Asked August 18, 2019, 9:07 AM EDT

I have a Braeburn apple tree that is about seven years old. It puts on apples but they remain small. Last year I put tree spike fertilizer around but this year they don’t appear to be getting any bigger. Any suggestions?

Douglas County Oregon

1 Response

Getting apples to size well is dependent upon several issues. The first is all about leaving the number of apples on the tree that the tree vigor can finish properly. That means thinning to single fruit on spurs that are six inches apart in late May so the tree is not over burdened. If you leave clusters of fruit the apples will never reach commercial size.

The second issue to achieve proper fruit size is to water the tree so it is getting about1.5 inches of water a week. You can measure this with a rain gauge in the area around the tree that catches the sprinkler output, or if you have a drip system you should be putting on about 20 gallons of water a week through each emitter.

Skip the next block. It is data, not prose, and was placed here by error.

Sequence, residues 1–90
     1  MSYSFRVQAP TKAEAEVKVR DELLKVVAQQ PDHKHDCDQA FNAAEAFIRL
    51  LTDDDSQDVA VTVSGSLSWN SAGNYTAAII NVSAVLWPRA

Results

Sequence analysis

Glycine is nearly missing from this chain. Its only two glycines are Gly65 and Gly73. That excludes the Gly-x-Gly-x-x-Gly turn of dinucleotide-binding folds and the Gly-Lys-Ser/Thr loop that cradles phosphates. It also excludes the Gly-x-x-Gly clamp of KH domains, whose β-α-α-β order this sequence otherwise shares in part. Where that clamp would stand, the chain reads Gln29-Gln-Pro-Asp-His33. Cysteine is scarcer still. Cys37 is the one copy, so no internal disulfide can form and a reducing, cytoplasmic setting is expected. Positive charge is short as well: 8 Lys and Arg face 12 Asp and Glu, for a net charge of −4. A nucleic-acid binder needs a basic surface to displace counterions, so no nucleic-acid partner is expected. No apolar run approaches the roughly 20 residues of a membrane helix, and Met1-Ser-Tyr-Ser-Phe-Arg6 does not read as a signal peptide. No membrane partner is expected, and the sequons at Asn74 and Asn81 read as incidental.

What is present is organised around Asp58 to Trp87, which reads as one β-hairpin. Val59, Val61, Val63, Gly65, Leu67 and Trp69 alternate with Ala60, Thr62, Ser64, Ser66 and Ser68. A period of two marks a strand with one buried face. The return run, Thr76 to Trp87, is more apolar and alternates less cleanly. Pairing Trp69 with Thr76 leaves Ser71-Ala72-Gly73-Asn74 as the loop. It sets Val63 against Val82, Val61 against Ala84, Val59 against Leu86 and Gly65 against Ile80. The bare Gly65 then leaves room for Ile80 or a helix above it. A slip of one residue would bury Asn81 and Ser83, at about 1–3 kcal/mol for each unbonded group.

Keeping a tree vigorous will also require fertilization and the proper pH. Fruit trees like a pH of 6 to 6.5. If your soil pH is lower than 6 you should be adding 3-5 lbs of lime around the tree drip line depending on how acidic your soil. Trees also need some nitrogen for growth of the tree and fruit, add about 2-3 lbs. of urea per tree per year or 3-4 lbs. of 16-16-16 if you need a complete fertilizer.

Try taking these steps and fruit size should increase significantly.